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Cell Rep. 2015 Feb 12. pii: S2211-1247(15)00054-6. doi: 10.1016/j.celrep.2015.01.029. [Epub ahead of print]

Dynamic Co-evolution of Host and Pathogen: HCMV Downregulates the Prevalent Allele MICA∗008 to Escape Elimination by NK Cells.

Author information

1
The Lautenberg Center for General and Tumor Immunology, The Faculty of Medicine, The Hebrew University Medical School, IMRIC, Jerusalem 9112001, Israel.
2
Institute for Virology of the University Hospital Essen, University Duisburg-Essen, 45147 Essen, Germany.
3
Clinical Virology Unit, Hadassah Hebrew University Medical Center and Department of Biochemistry and the Chanock Center for Virology, IMRIC, Jerusalem 9112001, Israel.
4
The Institute for Drug Research, Hebrew University Faculty of Medicine, Hebrew University of Jerusalem, Jerusalem 9112001, Israel.
5
Department of Internal Medicine, UT Southwestern Medical Center, Dallas, TX 75390-8886, USA.
6
Institute of Virology, University Medical Center, Albert-Ludwigs-University Freiburg, Hermann-Herder Strasse 11, Freiburg 79104, Germany.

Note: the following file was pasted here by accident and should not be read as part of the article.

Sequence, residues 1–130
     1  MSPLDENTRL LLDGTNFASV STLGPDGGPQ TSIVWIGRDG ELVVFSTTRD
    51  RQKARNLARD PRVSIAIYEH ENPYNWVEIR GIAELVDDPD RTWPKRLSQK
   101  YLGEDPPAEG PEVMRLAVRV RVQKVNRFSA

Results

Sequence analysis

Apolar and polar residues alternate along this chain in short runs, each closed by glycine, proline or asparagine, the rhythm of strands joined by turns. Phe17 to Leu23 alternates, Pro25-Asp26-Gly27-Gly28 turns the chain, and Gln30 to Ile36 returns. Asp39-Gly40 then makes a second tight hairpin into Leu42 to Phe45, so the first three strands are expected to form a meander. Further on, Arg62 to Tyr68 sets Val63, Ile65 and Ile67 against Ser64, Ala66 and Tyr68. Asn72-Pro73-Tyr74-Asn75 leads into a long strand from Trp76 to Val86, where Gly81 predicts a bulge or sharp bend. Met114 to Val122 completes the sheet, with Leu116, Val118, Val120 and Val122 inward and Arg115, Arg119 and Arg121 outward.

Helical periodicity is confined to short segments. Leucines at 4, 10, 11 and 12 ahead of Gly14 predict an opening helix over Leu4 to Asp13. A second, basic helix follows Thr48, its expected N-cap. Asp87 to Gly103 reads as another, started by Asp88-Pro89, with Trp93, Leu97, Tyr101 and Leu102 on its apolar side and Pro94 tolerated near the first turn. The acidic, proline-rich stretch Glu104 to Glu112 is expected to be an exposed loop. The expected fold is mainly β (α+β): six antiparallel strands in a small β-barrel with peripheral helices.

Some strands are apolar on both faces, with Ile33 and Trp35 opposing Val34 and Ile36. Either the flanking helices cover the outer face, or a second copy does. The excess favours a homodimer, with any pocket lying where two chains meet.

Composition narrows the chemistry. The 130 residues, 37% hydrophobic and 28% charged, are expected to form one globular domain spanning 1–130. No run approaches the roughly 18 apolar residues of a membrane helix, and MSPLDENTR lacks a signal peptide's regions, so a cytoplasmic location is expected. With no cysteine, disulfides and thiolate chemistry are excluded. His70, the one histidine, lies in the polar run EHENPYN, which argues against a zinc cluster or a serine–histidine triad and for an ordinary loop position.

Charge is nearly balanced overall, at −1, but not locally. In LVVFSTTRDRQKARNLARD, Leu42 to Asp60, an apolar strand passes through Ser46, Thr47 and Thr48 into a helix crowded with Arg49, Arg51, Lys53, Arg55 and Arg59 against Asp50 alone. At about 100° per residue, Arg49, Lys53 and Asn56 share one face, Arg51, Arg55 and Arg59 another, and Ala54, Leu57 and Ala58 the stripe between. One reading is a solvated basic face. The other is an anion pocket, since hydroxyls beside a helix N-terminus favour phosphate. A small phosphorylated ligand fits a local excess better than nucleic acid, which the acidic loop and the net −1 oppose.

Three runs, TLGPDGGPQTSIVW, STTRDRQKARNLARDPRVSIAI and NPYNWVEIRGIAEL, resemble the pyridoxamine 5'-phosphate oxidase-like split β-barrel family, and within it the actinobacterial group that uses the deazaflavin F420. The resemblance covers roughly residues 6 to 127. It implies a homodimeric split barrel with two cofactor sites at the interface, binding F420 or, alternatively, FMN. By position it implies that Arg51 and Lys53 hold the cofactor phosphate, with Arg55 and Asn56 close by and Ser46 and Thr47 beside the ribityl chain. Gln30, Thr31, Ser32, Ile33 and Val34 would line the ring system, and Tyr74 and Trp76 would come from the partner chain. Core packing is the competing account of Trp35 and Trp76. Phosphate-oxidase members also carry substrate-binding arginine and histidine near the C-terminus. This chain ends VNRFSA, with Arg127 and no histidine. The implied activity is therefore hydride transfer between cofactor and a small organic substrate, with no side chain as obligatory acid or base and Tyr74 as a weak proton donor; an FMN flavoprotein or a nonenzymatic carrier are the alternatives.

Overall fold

7
The Lautenberg Center for General and Tumor Immunology, The Faculty of Medicine, The Hebrew University Medical School, IMRIC, Jerusalem 9112001, Israel. Electronic address: oferm@ekmd.huji.ac.il.

Abstract

Natural killer (NK) cells mediate innate immune responses against hazardous cells and are particularly important for the control of human cytomegalovirus (HCMV). NKG2D is a key NK activating receptor that recognizes a family of stress-induced ligands, including MICA, MICB, and ULBP1-6. Notably, most of these ligands are targeted by HCMV proteins and a miRNA to prevent the killing of infected cells by NK cells. A particular highly prevalent MICA allele, MICA008, is considered to be an HCMV-resistant "escape variant" that confers advantage to human NK cells in recognizing infected cells. However, here we show that HCMV uses its viral glycoprotein US9 to specifically target MICA008 and thus escapes NKG2D attack. The finding that HCMV evolved a protein dedicated to countering a single host allele illustrates the dynamic co-evolution of host and pathogen.

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